No Contest (Alaskan Sabears #1)(2)

By: Becca Van


“Engine one just blew,” Jarvis yelled to be heard of the roaring of the wind. “We’re going down. Brace for impact.”

The trembles shifted to full blown quivers that wracked her whole body, and though she felt so weak that she felt like a big blob of jelly, she forced herself to move. She bent her body in half and covered her head with her arms. As the plane listed and fell faster from the sky, Celeste began to pray. She’d never been very religious, but there had to be some merit to the all-powerful being, God, since there were so many people who believed in such things. Right?

Her stomach lurched into her throat and when she tasted acidic bile on her tongue, she swallowed convulsively as she clutched the sick bag over her head. She hoped that Jarvis would able to put the plane down on water, but close enough to land so that when they finally stopped their terrifying descent, they both survived. A hysterical bubble of laughter balled in her chest and emitted from between her parted lips as she gasped in another shallow breath. Tears of frustration and fear welled in her eyes, and while she normally wasn’t a person to cry at the drop of a hat, and had tenacious control over her emotions, she let them trickle down her cheeks.

“Brace,” Jarvis shouted, but she was so scared his voice seemed to reach her from a great distance.

The small plane slammed into the water, sending a great gush of spray into the air. Celeste cried out when her body was jarred from the impact. Her stomach once more ended up in her throat when they went airborne again, only to thump back down with a bone-jarring jolt. Her body was flung sideways and the side of her head cracked against the window. Pain shot through her skull and into her brain. Nausea roiled in her stomach and just when she thought they were coming to a stop the nose of the plane hit something hard.

She screamed when the world turned end over end. Metal screeched and scraped in a never-ending cacophony of terror. Celeste moaned as her forehead smashed into something hard. The agony in her head was so bad she wondered if she’d fractured her skull. The noise from the crash died down and the plane finally came to a standstill. She blinked her eyes, or thought she did, but saw nothing but darkness. Every muscle in her body was screaming in agony, and with a sigh, she gave into the bliss of the painless darkness.





“What time is it Tarik?” Tammy asked her older brother.

He was working on his Hummer in the shed fifty yards from the house he shared with his best friend Hodge Holmes.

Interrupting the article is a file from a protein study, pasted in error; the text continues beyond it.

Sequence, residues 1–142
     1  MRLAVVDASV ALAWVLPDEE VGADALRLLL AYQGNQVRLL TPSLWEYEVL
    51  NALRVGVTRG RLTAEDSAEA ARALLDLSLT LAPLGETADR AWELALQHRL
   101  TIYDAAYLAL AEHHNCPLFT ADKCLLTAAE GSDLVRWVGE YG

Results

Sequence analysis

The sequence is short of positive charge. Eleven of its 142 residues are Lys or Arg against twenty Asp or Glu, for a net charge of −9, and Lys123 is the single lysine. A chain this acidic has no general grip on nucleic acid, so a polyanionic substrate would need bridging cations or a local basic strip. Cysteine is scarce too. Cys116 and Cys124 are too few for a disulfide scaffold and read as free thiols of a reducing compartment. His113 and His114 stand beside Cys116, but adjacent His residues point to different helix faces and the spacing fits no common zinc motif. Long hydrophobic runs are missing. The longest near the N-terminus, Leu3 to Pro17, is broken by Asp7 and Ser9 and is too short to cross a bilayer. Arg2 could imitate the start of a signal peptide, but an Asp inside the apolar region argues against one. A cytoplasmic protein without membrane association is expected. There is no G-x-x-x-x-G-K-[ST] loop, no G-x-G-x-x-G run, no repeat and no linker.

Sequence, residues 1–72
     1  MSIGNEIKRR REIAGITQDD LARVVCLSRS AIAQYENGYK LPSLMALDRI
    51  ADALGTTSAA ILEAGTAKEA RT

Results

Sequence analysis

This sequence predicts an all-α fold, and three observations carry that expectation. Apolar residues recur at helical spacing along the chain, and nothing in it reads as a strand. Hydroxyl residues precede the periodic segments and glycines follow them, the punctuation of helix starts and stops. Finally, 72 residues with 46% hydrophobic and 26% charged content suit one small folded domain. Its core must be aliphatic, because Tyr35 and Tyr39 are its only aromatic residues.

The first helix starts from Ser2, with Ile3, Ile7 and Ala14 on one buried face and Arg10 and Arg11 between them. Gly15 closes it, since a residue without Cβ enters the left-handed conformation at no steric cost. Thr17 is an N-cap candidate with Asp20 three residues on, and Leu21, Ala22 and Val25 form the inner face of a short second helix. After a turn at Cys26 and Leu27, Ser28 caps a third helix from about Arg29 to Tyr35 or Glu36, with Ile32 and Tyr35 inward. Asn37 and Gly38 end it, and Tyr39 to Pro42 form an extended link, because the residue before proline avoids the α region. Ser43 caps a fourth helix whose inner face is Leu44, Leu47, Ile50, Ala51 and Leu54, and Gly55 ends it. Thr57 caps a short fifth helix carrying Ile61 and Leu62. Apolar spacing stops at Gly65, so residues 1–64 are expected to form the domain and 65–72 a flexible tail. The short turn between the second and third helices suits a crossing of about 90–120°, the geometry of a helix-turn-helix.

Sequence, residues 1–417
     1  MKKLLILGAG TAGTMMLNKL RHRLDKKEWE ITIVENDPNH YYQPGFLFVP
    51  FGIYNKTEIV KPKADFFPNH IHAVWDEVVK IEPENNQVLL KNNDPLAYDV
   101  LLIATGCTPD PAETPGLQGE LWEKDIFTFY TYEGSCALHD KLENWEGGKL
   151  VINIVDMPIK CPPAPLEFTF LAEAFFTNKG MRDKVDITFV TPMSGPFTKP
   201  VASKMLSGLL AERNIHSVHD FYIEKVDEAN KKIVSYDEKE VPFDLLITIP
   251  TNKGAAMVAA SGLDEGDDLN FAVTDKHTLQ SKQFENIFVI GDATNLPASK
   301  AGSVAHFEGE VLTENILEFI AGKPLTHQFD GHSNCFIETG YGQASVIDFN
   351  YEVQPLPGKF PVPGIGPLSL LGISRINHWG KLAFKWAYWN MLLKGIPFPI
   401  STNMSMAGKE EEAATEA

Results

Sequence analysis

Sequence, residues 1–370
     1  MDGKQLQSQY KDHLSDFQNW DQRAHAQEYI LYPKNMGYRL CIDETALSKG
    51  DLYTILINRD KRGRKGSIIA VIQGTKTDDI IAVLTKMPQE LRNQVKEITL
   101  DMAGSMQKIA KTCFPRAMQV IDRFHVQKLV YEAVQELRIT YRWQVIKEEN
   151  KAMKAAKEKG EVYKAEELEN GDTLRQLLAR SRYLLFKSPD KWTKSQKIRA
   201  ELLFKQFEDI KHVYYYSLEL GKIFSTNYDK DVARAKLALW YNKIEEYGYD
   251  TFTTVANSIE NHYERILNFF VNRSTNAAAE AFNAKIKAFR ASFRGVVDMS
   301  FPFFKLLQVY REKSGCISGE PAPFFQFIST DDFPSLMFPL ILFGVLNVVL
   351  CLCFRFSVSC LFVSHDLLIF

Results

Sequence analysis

“Tammara Parks, give it a rest,” Tarik grumbled at his sister.

“I can’t,” Tammy whined. “I’m too nervous and excited.”

“Are you sure your friend wanted to come here?” Hodge asked, as he crawled out from under Tarik’s Hummer.

“Yes, I’m sure.”

“How did you meet her again?” Tarik frowned with concern as he waited for Tammy’s reply. He would be very angry if his sister ended up disappointed if her friend was a no-show.

“We met at Seattle Central College.”

“What’s her name?” Hodge asked.

“Celeste Marsden.”

“Isn’t she the girl who quit college only after six months?” Tarik quirked an eyebrow.

“So, you do listen to what I say.” Tammy smirked.

“Smartass.”

“You taught me well big brother.”

Tarik smiled and after making sure his hands were clean, tugged on her ponytail.

“Knock it off, Tarik.” Tammy swatted his arm. “I’m not six anymore.”

“Hodge, Tarik, we’ve got trouble,” Calloway Walden called from the entry to the shed.

“What?” Tarik asked, as he hurried toward the door.

“Jarvis’ plane’s going down. The storm must have damaged the craft.”

“What?” Tammy asked in a horrified whisper, before she covered her mouth with her hand. “Oh, God. Celeste is on that plane.”

Tarik rushed out the door after Cal. “Call the others and bring the ambulance.”

Tarik and Cal ran toward the airport, which was close to the northern tip edged by the Bering Sea. “Who’s in the tower?”

“Fin,” Cal answered.

“Has he spotted the plane yet?” Tarik asked, glad for the strength, stamina, and speed his inner beast gave him. He and the other men on St. Lawrence Island were sabear shifters—a mix of a polar bear and the extinct saber-toothed tiger.